</header>
  <p class="details">To run python programs, you will need a python interpreter installed and running. It can be downloaded from <a href="https://www.python.org/downloads/"> here</a>.
    Once installed open the python shell and run the following code to test it is working:
    </p>
    <div>
      <code>print("Hello World!")</code>
    </div>
    
    <p class="details">
    If the set up was completed succesfully this will return Hello World! within the shell.
    </p>
  </section>

  <section class="main-section" id="Variables">
    <header>Variables</header>
    <p class="details"> 
      Unlike in other programming languages which require variables to be declared. In python, there is no such requirement. Variables are created the moment they are assigned a value. 
    </p>
    <p class="details">To declare an integar:</p>
    <div>
      <code>x=10</code>
      <code>print(x)</code>
    </div>
  </section>

  <section class="main-section" id="Indentation">
    <header>Indentation</header>
    <p class="details">Python uses whitespace indentation, rather than curly brackets or keywords, to delimit blocks. An increase in indentation comes after certain statements; a decrease in indentation signifies the end of the current block. Thus, the program's visual structure accurately represents the program's semantic structure. This feature is sometimes termed the off-side rule, which some other languages share,
       but in most languages indentation doesn't have any semantic meaning. The recommended indent size is four spaces</p>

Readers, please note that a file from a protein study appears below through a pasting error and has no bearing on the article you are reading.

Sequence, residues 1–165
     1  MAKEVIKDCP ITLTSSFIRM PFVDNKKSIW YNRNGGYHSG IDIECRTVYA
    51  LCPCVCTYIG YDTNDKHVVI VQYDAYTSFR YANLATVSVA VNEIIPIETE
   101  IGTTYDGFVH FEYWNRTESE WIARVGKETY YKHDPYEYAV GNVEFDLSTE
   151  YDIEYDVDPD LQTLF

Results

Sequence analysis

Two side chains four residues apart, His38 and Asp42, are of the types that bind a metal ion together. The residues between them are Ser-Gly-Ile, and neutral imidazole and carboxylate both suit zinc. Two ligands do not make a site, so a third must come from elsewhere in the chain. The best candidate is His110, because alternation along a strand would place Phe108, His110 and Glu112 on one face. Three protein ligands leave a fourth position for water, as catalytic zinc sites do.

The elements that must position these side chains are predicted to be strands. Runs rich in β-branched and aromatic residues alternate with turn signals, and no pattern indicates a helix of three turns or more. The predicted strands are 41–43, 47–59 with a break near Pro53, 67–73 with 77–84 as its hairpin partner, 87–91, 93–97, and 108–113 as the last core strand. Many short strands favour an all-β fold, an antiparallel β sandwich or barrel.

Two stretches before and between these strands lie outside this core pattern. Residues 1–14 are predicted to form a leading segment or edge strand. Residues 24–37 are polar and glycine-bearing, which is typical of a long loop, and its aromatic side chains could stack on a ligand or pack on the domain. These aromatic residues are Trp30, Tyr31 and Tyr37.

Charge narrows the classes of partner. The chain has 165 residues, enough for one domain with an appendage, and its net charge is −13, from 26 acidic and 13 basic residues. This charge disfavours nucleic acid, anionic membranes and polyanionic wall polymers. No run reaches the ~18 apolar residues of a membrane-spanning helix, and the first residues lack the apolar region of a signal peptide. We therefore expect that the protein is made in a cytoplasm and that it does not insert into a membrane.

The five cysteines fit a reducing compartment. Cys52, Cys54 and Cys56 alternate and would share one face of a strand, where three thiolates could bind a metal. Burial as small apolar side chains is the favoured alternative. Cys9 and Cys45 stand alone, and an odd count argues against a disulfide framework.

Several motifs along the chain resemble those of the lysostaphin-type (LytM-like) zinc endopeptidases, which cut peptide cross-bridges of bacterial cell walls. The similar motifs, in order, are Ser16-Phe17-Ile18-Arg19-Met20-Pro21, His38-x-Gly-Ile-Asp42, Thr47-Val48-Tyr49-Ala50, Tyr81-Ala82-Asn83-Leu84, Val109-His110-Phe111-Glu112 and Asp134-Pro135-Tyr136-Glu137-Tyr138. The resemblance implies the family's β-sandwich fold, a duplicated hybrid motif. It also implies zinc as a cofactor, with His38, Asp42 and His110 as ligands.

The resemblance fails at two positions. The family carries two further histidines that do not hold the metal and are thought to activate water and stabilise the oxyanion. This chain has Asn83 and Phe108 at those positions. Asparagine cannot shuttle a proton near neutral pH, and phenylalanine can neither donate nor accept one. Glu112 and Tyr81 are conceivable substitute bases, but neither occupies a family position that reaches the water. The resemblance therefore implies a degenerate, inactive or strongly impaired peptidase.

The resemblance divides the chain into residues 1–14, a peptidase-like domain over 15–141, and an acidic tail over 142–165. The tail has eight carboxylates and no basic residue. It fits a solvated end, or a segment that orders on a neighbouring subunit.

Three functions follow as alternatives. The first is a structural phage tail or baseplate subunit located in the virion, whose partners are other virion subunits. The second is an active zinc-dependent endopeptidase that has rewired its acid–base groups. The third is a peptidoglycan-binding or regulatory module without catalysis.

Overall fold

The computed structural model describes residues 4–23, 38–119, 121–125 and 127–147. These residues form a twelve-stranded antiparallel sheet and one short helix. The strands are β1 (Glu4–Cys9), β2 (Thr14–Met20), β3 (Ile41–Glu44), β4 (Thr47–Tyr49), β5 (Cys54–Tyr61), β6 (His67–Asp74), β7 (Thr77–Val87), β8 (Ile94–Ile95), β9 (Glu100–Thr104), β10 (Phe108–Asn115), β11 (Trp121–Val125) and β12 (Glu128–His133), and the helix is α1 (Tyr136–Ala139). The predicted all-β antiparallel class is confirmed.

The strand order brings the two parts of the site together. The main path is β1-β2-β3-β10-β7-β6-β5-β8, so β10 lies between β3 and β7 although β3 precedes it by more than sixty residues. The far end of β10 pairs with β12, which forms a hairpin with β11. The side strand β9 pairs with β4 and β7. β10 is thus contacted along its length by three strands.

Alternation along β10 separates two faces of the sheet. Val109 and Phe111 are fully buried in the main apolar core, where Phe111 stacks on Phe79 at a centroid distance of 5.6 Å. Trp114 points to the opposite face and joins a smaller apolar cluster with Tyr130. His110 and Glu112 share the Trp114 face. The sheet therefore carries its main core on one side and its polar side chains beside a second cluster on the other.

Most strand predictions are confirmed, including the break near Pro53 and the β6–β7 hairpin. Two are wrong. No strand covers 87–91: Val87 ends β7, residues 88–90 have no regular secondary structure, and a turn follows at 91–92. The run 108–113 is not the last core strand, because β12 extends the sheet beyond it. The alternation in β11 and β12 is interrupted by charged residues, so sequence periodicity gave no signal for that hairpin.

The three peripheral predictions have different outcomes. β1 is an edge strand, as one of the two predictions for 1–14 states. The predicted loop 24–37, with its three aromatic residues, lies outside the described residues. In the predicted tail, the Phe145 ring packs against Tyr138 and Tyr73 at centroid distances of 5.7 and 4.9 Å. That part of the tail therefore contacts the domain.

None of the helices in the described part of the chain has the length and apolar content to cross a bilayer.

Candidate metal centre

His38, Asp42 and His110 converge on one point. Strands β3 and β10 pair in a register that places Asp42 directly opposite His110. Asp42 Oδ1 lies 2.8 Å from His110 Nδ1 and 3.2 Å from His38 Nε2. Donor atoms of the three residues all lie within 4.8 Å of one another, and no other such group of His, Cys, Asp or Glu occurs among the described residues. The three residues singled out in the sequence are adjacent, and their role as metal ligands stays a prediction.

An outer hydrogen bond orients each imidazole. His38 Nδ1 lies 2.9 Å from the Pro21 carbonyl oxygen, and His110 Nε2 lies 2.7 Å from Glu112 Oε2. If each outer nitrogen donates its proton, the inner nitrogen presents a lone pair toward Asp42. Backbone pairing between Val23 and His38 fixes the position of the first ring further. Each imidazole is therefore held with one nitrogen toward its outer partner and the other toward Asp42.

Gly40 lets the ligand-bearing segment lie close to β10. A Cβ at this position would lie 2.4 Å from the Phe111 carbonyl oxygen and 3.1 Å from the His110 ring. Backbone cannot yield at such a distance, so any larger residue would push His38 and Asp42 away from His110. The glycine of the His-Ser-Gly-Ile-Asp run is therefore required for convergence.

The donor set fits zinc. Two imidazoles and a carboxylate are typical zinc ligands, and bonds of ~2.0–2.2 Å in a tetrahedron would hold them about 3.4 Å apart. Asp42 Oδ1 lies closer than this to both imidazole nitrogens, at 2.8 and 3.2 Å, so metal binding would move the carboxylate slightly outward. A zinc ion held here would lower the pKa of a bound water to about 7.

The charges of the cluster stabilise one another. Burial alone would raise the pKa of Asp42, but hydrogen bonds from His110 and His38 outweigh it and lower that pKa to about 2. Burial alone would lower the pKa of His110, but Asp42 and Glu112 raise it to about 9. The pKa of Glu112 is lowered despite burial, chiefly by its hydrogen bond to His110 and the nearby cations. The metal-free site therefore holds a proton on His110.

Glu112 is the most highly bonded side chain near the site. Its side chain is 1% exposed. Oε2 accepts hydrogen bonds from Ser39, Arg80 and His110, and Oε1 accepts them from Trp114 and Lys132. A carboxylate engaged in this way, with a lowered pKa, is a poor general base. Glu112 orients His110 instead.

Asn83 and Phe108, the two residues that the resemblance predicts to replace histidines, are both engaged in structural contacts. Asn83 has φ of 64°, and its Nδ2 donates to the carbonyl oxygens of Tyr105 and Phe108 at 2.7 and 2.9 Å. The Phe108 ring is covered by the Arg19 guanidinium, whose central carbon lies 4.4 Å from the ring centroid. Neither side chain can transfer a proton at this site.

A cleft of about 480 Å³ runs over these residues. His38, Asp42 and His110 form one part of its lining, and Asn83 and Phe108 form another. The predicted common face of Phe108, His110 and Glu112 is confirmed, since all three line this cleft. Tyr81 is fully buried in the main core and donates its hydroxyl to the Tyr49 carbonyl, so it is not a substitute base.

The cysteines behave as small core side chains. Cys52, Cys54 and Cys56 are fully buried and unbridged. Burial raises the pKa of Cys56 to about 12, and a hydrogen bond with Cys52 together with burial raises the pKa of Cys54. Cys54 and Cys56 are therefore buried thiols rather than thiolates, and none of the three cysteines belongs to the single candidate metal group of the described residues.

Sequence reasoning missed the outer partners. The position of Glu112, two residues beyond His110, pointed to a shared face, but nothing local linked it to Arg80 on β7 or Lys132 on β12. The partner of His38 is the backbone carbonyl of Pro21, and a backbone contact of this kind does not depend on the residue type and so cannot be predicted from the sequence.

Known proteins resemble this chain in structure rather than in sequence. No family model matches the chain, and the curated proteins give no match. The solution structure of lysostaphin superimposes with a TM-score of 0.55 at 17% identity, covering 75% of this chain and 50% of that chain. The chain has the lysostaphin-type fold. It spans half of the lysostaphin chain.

</section>
  
  <section class="main-section" id="Statement_and_control_flow">
    <header>Statement and control flow</header>
    <p class="details">Pythons statements include (among others):</p>
    <ul>
      <li>The assignment statement,using a single equals sign =</li>
      <li>The if statement, which conditionally executes a block of code, along with else and elif(a contraction of else-if)</li>
      <li>The for statement, which iterates over an iterable object, capturing each element to a local variable for use by the attached block.</li>
      <li>The while statement, which executes a block of code as long as its condition is true.</li>
      <li>The try statement, which allows exceptions raised in its attached code block to be caught and handled by except clauses; it also ensures that clean-up code in a finally block will always be run regardless of how the block exits.</li>
      <li>The raise statement, used to raise a specified exception or re-raise a caught exception.</li>
      <li>The class statement, which executes a block of code and attaches its local namespace to a class, for use in object-oriented programming.</li>
      <li>The def statement, which defines a function or method.</li>
      <li>The with statement, from Python 2.5 released in September 2006,  which encloses a code block within a context manager (for example, acquiring a lock before the block of code is run and releasing the lock afterwards, or opening a file and then closing it), allowing resource-acquisition-is-initialization (RAII)-like behavior and re-places a common try/finally idiom. </li>
      <li>The break statement,exits from a loop.</li>
      <li>the continue statement,skips this iteration and continues with the next item.</li>
      <li>The del statement, removes a variable, which means the reference from the name to the value is deleted and trying to use that variable will cause an error. A deleted variable can be reassigned.</li>
      <li>The pass statement, which serves as a NOP. it is syntactically needed to create an empty code block.</li>
      <li>The assert statement, used during debugging to check for conditions that should apply.</li>
    </ul>
    <p class="details">
    The assignment statement (=) operates by binding a name as a reference to a separate, dynam-ically-allocated object. Variables may be subsequently rebound at any time to any object. In Py-thon, a variable name is a generic reference holder and doesn't have a fixed data type associated with it. However at a given time, a variable will refer to some object, which will have a type.